Expect nasty winter weather Tuesday, Wednesday

Published 11:11pm Monday, November 25, 2013

Cold temperatures returned to Selma area over the weekend, and before they leave they could bring snow to some areas to the state late Tuesday into early Wednesday.

But, Selma is not likely among those to see any flakes floating around.

“The low temperatures as far south as Selma will stay above freezing Tuesday night,” National Weather Service meteorologist Jessica Chace said. “We’ll stay at about 34 degrees overnight, so as for as the weather goes in Selma, we are expecting light rain. There might be a little bit of sleet mixed in with it.”

Rhonda Abbott, director of the Dallas County Emergency Management Agency, said the systems, which will linger over the region through Wednesday are not expected to bring much if any snow to Selma, but it will bring a notable amount of rain.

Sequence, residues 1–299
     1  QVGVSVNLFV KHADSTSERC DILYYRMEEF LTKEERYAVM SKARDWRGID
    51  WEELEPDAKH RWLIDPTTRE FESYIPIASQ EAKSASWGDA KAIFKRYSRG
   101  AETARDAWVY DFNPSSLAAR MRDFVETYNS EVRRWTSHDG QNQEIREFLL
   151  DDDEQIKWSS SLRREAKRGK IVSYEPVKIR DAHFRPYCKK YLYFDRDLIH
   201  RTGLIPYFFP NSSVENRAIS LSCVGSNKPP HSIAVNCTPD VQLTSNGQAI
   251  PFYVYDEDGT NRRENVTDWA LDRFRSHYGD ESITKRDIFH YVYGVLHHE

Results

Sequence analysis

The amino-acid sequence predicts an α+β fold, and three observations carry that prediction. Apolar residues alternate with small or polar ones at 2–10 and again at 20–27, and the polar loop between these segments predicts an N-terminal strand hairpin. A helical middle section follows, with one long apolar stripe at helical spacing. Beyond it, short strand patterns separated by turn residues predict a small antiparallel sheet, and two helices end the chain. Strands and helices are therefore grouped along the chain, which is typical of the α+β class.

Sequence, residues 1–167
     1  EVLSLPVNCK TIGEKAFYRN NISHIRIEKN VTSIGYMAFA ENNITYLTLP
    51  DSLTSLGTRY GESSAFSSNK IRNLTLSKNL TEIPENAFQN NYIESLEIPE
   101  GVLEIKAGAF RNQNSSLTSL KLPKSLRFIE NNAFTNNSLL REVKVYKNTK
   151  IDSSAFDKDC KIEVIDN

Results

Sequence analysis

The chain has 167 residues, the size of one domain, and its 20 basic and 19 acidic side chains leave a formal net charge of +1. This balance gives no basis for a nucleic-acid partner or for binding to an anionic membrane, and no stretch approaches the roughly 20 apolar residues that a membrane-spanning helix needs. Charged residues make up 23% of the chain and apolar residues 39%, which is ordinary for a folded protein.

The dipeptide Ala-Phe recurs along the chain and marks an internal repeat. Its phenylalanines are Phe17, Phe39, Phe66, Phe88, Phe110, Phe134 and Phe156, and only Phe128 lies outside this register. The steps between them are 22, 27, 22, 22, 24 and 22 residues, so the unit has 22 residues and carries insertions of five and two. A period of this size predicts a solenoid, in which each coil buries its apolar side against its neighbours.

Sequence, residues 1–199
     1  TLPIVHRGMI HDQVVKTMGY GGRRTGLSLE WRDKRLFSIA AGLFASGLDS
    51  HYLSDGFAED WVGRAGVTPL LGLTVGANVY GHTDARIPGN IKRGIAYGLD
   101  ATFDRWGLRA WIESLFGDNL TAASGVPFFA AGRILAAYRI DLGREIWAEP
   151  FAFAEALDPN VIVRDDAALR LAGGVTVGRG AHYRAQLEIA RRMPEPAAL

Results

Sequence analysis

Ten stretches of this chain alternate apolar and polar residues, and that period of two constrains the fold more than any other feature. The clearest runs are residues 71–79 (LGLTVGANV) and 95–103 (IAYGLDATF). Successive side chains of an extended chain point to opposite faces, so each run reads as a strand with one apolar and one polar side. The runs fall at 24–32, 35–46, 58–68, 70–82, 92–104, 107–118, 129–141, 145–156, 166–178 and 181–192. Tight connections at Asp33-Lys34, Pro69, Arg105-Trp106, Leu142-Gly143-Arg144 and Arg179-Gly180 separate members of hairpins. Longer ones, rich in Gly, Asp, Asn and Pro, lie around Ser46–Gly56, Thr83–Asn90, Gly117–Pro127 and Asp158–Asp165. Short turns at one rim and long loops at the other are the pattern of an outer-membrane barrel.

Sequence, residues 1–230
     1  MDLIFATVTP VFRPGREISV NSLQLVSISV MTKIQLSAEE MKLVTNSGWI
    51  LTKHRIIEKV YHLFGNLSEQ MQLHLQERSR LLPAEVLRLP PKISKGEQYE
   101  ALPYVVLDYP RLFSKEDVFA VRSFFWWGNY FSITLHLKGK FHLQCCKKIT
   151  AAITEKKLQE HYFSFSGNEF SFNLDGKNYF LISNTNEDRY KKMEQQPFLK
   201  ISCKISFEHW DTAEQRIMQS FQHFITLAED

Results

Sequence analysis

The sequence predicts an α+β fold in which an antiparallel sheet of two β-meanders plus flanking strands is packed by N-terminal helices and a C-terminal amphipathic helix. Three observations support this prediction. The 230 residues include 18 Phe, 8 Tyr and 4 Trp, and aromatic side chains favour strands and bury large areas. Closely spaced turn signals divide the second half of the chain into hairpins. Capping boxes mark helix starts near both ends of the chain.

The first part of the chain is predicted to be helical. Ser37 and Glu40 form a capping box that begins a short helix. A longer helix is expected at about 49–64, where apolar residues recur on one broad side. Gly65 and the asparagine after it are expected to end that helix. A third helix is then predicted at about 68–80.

“It’s more likely that you’ll need a rowboat and not a snow sled. It’s going to rain 2-3 inches in the next two days,” Abbott said Monday afternoon. “It’s not likely that it is going to snow but if it does, it won’t stick. If you are traveling north, it may be worthwhile to take a few extra minutes and check the weather.”

While the cooler temperatures will cover the majority of central and northern Alabama, Chace said computer models do not show snow accumulating — if showing up at all — in Selma before the systems move out of the area.

“As of now it just doesn’t look like there will be enough cold in the upper levels to support frozen precipitation at the surface,” Chace said. “Starting after midnight, the line between frozen and non-frozen precipitation line should will pretty much parallel the I-59 corridor, 30 to 40 miles below Tuscaloosa.”

Chace said Dallas County residents could expect rain to continue in the region through Wednesday, when the highs are predicted to remain in the 30s.

After the moisture leaves the region, Chace said slightly warmer temperatures are expected to follow.

“By Saturday we should see temperatures in the upper 50s,” Chace said.

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